• Strengthened the power of the Federal Government
    • Dartmouth College v. Woodward (1819)
      • Court promoted capitalism
          • System in which privately owned businesses compete in a free market
        • Decision said that the charter for Dartmouth College was a private contract
        • state could not interfere with the that contract
        • Strengthened the economy – Capitalism – Free Market
section 1 building a national identity7
Section 1: Building a National Identity
    • Gibbons v. Ogden (1824)
      • Supported Federal power
        • Ruled that NY could not give a steamboat company a monopoly to carry passengers on the Hudson River
        • Court said that the boat includes stops in NJ as well
          • This means it is INTERSTATE commerce
          • Trade between more than 1 state – and is regulated by Congress
        • The decision strengthened the Federal Government
  • All three decisions increased the power of the Federal Government at the expense of the states
section 2 dealing with other nations
Section 2: Dealing With Other Nations
  • Relations with Spain
    • Spain’s power had weakened over time
      • Wars with England and maintaining uprisings in colonies
    • Escaped slaves often fled from the U.S. into Spanish Florida
      • Joined with the Seminoles
      • Went on raids to American settlements
    • 1817 U.S. sends in Old Hickory
      • He attacked and destroyed 2 Seminole villages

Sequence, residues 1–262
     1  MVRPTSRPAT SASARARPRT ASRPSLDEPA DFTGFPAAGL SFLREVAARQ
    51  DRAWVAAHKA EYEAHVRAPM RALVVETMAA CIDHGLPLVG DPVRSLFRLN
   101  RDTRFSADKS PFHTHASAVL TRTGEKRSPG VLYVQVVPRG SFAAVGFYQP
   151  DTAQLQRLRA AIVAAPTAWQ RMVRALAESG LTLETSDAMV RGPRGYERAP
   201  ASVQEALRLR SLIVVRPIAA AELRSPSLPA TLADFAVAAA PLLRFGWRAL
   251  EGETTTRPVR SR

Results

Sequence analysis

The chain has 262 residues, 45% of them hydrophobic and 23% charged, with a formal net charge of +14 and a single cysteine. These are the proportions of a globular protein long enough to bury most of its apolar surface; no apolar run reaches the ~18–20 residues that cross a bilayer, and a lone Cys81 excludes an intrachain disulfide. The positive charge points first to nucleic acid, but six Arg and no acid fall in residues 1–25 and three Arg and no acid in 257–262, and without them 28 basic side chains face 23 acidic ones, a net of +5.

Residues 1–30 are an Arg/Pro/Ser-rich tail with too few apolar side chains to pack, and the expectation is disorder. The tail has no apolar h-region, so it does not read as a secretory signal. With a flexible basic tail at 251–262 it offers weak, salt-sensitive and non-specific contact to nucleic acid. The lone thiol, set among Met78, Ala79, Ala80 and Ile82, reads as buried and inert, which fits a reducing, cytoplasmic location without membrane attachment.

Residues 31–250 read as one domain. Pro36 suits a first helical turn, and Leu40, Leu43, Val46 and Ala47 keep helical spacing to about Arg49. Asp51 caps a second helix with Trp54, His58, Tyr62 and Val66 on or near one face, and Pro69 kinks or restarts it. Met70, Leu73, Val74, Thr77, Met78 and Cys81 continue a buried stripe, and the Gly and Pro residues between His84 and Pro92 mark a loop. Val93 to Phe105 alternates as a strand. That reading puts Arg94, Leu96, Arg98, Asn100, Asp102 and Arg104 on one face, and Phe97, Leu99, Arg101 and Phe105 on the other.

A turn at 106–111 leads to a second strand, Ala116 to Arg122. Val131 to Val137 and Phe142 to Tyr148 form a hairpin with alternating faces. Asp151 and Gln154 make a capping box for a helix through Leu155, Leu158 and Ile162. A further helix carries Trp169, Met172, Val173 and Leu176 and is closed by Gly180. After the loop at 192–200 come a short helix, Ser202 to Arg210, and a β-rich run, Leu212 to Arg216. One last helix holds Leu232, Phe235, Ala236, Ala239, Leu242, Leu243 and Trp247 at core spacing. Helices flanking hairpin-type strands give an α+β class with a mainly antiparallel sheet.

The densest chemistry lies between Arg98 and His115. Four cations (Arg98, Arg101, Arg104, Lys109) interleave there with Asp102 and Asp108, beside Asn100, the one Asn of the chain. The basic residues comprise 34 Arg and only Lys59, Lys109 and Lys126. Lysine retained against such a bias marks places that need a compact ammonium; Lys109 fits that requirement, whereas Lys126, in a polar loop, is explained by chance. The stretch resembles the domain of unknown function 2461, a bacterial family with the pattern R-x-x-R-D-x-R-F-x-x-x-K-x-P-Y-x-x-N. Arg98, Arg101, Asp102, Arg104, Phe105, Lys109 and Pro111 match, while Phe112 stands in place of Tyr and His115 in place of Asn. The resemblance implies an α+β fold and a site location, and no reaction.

• He then went far beyond his orders
        • Attacked and seized 2 Spanish towns
        • Forced the governor to flee
    • Spain realizes that they can no longer hold onto Florida
      • U.S. could take it at any time
      • They sign the Adams-Onis treaty in 1819 which ceded Florida
section 2 dealing with other nations9
Section 2: Dealing With Other Nations
  • Spanish Colonies Win Independence
    • Mexico breaks away
      • 1818 – Fr. Miguel Hidalgo organized an army of Native Americans
        • They freed several provinces in Mexico
        • Hidalgo was captured and executed in 1811
      • 1820 – a second revolution breaks out
        • Spain was unable to end the fighting
        • They signed a treaty in 1821 giving Mexico independence
      • Mexico’s Governments
        • At first it Mexico was ruled by an emperor
        • In 1823 that changed to a constitutional government like America
section 2 dealing with other nations10
Section 2: Dealing With Other Nations
  • Independence for South and Central America
    • 1819 – Simon Bolivar led a rebellion
      • Marched troops through Venezuela into Columbia defeating the Spanish
      • Became president of the independent republic of Columbia
        • Included Venezuela, Columbia, Ecuador and Panama
    • 1821 – Central America declares independence
      • Spain was unable to resist
      • They formed the United Provinces of Central America
        • Included Nicaragua, Costa Rica, El Salvador, Honduras, Guatemala
    • 1822 – Brazil declares Independence from Portugal
    • The U.S. formally recognized the independence of these countries
      • By 1825 most of Latin America was free of European control
section 2 dealing with other nations11
Section 2: Dealing With Other Nations
  • The Monroe Doctrine
    • The U.S. would not allow European nations to create new colonies or interfere with Latin America
    • Very important foreign policy
      • Russia and France talked of helping Spain regain its colonies
      • This would be damaging to U.S. trade in the area
        • Would harm British trade as well
      • England had suggested a ‘joint’ statement